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[AAS01-P15] Spatial and temporal seasonal variation of CO2 efflux from the soil surface in the boreal forests in Central Siberia
Keywords:soil carbon efflux, boreal forest, Siberian forest, soil respiration, soil temperature, soil moisture
The objectives of the present study are: (a) to study the dynamic changes in soil CO2 efflux from the soil surface during frost-free season; (b) to identify the impact of meteorological variables (factors) on soil CO2 efflux. The research was conducted in the boreal forests in Central Siberia (60°N, 90°E), Russia. Sample plots were represented by the lichen pine forest, moss pine forest, mixed forest and a plot with mineral sandy soil without a plant cover. We used the automated soil CO2 flux system based on the infrared gas analyzer – LI-8100 (Li-cor Biogeosciences Inc., USA) for measuring the soil efflux. Soil temperature was measured next to each collar at the time of the CO2 efflux measurement with Soil Temperature Probe Type E (Omega, USA) in three depths – 5, 10, 15 cm. Volumetric soil moisture was measured with Theta Probe Model ML2 (Delta T Devices Ltd., UK).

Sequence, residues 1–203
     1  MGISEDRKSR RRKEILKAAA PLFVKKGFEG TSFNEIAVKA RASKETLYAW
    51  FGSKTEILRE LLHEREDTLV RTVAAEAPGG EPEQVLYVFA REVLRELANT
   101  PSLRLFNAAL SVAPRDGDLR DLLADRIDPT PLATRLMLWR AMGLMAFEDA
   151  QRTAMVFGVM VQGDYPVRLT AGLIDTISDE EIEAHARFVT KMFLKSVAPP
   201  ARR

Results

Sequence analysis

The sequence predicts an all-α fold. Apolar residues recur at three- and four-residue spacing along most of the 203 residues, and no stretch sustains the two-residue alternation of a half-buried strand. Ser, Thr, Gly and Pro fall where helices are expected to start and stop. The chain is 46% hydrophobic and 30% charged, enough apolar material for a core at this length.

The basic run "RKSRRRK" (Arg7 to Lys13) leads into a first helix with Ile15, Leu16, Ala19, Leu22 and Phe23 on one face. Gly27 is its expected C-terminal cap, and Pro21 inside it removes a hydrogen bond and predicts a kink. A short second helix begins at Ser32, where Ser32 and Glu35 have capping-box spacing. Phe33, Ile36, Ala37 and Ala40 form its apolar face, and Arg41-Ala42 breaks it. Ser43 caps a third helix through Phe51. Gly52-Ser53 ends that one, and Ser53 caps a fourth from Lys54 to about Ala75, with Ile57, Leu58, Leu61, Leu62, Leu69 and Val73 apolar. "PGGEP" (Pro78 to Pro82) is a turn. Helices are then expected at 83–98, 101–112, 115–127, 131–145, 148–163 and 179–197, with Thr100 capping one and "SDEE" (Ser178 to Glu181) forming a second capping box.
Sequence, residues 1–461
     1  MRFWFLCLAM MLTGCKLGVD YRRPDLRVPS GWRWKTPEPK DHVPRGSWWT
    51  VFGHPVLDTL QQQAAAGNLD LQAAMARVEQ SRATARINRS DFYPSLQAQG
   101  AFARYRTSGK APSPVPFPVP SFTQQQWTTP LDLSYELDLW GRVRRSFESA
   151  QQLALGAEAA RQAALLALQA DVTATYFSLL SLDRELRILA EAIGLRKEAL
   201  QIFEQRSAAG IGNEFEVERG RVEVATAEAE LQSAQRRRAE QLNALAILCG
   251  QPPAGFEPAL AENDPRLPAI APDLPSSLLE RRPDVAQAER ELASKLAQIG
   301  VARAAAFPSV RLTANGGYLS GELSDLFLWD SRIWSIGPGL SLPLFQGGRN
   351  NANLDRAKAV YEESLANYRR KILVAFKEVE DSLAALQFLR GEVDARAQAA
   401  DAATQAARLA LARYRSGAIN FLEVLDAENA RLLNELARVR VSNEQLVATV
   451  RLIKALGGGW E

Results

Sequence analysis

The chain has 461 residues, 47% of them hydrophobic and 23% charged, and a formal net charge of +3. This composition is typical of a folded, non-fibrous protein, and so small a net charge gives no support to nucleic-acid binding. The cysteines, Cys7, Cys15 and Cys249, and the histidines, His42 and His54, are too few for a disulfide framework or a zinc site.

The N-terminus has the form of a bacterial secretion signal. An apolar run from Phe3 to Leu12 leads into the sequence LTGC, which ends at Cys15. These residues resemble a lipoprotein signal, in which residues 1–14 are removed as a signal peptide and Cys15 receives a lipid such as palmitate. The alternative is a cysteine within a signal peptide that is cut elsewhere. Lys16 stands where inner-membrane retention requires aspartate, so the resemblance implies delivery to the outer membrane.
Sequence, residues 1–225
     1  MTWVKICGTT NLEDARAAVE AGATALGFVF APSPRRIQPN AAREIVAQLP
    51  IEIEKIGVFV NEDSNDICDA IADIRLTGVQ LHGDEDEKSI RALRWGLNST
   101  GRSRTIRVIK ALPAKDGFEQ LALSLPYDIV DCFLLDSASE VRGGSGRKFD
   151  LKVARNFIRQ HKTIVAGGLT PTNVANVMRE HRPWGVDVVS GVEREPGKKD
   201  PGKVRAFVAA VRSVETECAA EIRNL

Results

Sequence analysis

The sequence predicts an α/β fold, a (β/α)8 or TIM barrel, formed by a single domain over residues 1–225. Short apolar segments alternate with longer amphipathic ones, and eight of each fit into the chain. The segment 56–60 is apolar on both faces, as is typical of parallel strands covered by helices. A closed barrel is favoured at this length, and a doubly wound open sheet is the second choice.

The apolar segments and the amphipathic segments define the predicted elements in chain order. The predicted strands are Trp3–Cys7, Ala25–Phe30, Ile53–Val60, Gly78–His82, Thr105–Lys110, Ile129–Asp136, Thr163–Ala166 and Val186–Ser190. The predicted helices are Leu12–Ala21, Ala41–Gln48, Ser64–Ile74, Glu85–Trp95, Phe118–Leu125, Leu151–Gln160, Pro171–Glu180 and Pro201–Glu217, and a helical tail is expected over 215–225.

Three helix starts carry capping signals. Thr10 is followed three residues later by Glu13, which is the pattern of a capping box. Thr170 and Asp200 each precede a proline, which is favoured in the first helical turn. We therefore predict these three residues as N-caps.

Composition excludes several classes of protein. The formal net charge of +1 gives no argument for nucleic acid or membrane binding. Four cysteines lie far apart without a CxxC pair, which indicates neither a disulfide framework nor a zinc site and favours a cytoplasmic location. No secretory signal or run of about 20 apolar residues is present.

The presence and type of ground cover substantially affects the value of soil respiration fluxes. In 2015, the flow of carbon dioxide from the soil surface averaged 5.4 ± 2.3 μmol CO2 m-2 s-1. The lowest soil respiration for forest areas was observed in the moss pine forest (1.14 μmol CO2 m-2 s-1). The lichen pine forest had the intermediate values (mean and SD) of soil respiration. A sandy soil plot without a plant cover demonstrated the lowest soil respiration (0.12 μmol CO2 m-2 s-1). The maximum soil respiration values and seasonal fluctuations were obtained in the mixed forest (29.62 μmol CO2 m-2 s-1).
The correlation analysis of dependence between soil temperature, soil moisture and soil CO2 efflux showed that an increase of temperature and soil moisture at the beginning of the growing season (June) leads to inhibition of soil respiration processes. At the end of the growing season (September), we recorded a reduction in the impact of two climate factors (soil temperature and moisture) on soil respiration intensity. Nevertheless, the soil temperature appears to be the major driver controlling the soil CO2 efflux during the frost-free season in analyzed Siberian boreal forests.
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